Cache Creek Vineyards and Winery
Lake County AVA
People enjoyed the wine and urged us to make more
The story of Cache (pronounced cash) Creek Vineyards and Winery is probably one of the most unusual stories to evolve from the modern California wine industry. It is, in a phrase, heart rendering and warm and smacks of a Hollywood script.
It is 1997, and Bill Van Pelt, or Poppo as he is called by practically everyone, has just purchased a large (590 acre) property in the eastern foothills of southern Lake County. The property is remote and wildlife abounds along the creek that is part of the property. On Poppo Van Pelt’s first visit to the site, he is greeted by a herd of Tule Elk, the area’s main colonizers, at least from the animal kingdom.
Van Pelt is fascinated by the animals and begins a friendship that knows little bonds. He revisits the place almost daily to spend time with his new found friends. As a point of interest, the Tule Elk is the smallest (375 to 450 pounds) member of the elk family, and is found only in California. It derives its name from the tule plant that is the mainstay of the elk’s diet. From a high number of around 500,000 in the 17th Century, today’s herd numbers only 4,000 having survived the rigors of hunters.
But, back to the story. Poppo Van Pelt and his brother next decide to plant some vineyards in certain sections of the property that would support the vines. Realizing the fact that his neighbors to the south in Napa Valley produced world class fruit, Bill Van Pelt decided to do the same. In the back of his mind, the Tule elk population on his property would benefit from such a decision.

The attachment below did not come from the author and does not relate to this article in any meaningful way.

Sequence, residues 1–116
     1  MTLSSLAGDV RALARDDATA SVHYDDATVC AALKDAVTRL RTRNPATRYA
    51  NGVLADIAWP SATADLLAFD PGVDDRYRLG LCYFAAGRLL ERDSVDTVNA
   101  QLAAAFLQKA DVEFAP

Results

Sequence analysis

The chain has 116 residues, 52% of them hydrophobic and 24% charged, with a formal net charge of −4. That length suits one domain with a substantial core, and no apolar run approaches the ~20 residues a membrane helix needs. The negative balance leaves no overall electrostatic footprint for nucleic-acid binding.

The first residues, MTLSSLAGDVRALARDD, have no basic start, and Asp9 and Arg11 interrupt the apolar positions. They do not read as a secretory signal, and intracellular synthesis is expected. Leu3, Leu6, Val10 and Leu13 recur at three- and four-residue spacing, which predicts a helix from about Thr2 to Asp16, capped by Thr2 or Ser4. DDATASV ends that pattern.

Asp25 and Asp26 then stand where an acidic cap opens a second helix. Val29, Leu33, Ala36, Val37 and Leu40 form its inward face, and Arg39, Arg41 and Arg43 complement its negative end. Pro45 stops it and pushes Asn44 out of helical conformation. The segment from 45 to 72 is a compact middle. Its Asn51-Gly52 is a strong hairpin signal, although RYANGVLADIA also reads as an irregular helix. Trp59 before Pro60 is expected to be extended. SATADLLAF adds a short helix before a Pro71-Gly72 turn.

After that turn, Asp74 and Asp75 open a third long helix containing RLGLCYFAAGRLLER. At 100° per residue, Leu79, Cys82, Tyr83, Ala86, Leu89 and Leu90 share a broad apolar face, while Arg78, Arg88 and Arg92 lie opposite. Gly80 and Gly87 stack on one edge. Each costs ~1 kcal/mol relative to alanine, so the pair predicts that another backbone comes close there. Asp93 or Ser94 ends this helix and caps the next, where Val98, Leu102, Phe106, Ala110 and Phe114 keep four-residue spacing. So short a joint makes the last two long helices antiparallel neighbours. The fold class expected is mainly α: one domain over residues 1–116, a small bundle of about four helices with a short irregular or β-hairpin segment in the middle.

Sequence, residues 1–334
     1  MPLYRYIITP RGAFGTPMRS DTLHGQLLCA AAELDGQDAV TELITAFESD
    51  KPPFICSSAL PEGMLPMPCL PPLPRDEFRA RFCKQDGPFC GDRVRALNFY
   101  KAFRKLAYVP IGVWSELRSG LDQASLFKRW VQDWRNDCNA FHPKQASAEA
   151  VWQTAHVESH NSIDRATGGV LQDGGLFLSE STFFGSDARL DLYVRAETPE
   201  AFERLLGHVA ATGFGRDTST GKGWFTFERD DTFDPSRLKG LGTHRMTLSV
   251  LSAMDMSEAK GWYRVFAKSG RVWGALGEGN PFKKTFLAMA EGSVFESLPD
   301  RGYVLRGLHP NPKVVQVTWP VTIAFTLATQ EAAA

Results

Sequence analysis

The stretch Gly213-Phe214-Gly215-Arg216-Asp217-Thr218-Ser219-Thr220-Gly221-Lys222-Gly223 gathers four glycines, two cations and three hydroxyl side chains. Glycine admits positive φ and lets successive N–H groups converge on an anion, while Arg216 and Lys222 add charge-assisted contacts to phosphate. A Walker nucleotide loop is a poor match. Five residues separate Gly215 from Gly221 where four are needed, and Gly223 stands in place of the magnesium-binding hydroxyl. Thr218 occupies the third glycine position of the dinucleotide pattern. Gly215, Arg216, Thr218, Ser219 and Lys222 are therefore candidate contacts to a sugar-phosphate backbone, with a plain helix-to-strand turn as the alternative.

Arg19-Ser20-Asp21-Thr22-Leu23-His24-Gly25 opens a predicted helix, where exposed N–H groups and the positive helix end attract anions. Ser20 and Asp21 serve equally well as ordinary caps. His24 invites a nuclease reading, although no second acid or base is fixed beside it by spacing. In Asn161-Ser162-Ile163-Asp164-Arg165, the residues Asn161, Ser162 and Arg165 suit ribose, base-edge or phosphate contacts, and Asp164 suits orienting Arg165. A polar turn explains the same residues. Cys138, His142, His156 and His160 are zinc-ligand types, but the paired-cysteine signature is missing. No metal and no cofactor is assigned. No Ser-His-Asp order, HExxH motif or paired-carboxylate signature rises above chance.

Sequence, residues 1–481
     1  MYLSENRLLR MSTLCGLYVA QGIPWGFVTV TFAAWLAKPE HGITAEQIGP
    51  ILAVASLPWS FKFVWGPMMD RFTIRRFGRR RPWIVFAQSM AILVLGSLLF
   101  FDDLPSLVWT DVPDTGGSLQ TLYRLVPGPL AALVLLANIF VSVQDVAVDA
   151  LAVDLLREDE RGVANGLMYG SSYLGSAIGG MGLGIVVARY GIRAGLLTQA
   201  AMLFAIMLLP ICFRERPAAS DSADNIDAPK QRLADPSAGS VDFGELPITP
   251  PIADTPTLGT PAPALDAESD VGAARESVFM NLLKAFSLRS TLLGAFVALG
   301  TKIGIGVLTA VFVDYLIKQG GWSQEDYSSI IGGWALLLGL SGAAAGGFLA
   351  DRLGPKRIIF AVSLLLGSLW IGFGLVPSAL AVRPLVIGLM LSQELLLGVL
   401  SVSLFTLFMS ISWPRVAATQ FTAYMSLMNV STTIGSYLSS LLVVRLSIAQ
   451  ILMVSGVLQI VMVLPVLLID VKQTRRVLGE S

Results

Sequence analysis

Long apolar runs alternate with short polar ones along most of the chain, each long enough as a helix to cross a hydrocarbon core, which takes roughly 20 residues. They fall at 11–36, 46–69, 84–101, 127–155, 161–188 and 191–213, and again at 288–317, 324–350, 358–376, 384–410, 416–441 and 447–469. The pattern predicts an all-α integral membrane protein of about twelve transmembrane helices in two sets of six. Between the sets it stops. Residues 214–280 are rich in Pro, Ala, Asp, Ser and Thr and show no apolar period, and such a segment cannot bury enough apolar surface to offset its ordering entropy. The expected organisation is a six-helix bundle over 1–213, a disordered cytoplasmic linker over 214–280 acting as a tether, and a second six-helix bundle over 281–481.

The vineyards were planted in 2000 and the fruit was first sold to local wineries. At one point, some extra juice was left over and Van Pelt and his son Don decided to make some wine. “The reception we received was much better than we expected,” Don Van Pelt offered. “People enjoyed the wine and urged us to make more. It seemed a relatively easy decision for us.”
The first release of Cache Creek Vineyards came in 2005, sadly after the passing of Poppo Van Pelt a year earlier. A total of around 500 cases were produced and met with instant success. As of this year, some 2,500 cases of Cache Creek Vineyards and Winery will be bottled with a long range forecast that calls for around 15,000 cases to be produced annually by the year 2025. “It was sad that my father never lived to see our wines reach fruition,” Van Pelt added. “But we have continued his legacy and his dedication to the tule elk herd.”
The Cache Creek Vineyards label features the tule elk as does the actual property the winery occupies. A tasting room and warehouse complex have been completed and there is a long-term plan to build a state-of-the-art winemaking facility in Clearlake Oaks, the actual name of the area. A number of improvements that include a sanctuary for the elk and the planting of various grasses have already been completed. A number of ponds dot the property making the entire place a virtual preserve for the animals and other native wildlife.
“My Dad would be happy with what has been achieved here,” Don Van Pelt proudly stated. “It was always his dream to offer his wonderful elk a truly marvelous place where they could thrive. At his memorial in 2004, the elk actually made an appearance to say goodbye to him. It was a truly heartwarming moment for all of us. I know he was looking down with a big smile on his face.”
We are happy to introduce Cache Creek Vineyards to our Gold Wine Club monthly wine club Members in the spirit of its founder Bill Van Pelt.
Map of the area
Derek Holstein - Winemaker
Winemaker Derek Holstein is widely praised for his efforts around Lake County. He spent over a decade (12 years) at Lake County’s best known winery Guenoc Estate Vineyards Winery, where his wines won major praise and awards. He also works with Beckstoffer Vineyards and lesser known Girls in the Vineyard, Harris Tesla Vineyards and Quercus Vineyards.